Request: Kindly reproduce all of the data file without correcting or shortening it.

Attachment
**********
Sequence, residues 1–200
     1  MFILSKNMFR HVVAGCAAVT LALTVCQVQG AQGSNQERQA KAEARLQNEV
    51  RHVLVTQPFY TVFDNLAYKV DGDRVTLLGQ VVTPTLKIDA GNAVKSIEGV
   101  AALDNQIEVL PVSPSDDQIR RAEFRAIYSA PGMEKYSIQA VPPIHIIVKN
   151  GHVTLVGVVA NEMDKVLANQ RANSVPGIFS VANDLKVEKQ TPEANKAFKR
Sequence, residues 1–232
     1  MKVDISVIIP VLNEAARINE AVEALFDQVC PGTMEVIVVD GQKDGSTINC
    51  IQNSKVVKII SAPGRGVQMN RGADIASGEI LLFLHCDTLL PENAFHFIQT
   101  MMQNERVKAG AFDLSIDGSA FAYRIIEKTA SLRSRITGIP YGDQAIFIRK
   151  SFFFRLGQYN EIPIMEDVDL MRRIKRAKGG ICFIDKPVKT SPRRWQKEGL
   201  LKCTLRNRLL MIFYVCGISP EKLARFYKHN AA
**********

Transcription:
Sequence, residues 1–200
     1  MFILSKNMFR HVVAGCAAVT LALTVCQVQG AQGSNQERQA KAEARLQNEV
    51  RHVLVTQPFY TVFDNLAYKV DGDRVTLLGQ VVTPTLKIDA GNAVKSIEGV
   101  AALDNQIEVL PVSPSDDQIR RAEFRAIYSA PGMEKYSIQA VPPIHIIVKN
   151  GHVTLVGVVA NEMDKVLANQ RANSVPGIFS VANDLKVEKQ TPEANKAFKR
Sequence, residues 1–232
     1  MKVDISVIIP VLNEAARINE AVEALFDQVC PGTMEVIVVD GQKDGSTINC
    51  IQNSKVVKII SAPGRGVQMN RGADIASGEI LLFLHCDTLL PENAFHFIQT
   101  MMQNERVKAG AFDLSIDGSA FAYRIIEKTA SLRSRITGIP YGDQAIFIRK
   151  SFFFRLGQYN EIPIMEDVDL MRRIKRAKGG ICFIDKPVKT SPRRWQKEGL
   201  LKCTLRNRLL MIFYVCGISP EKLARFYKHN AA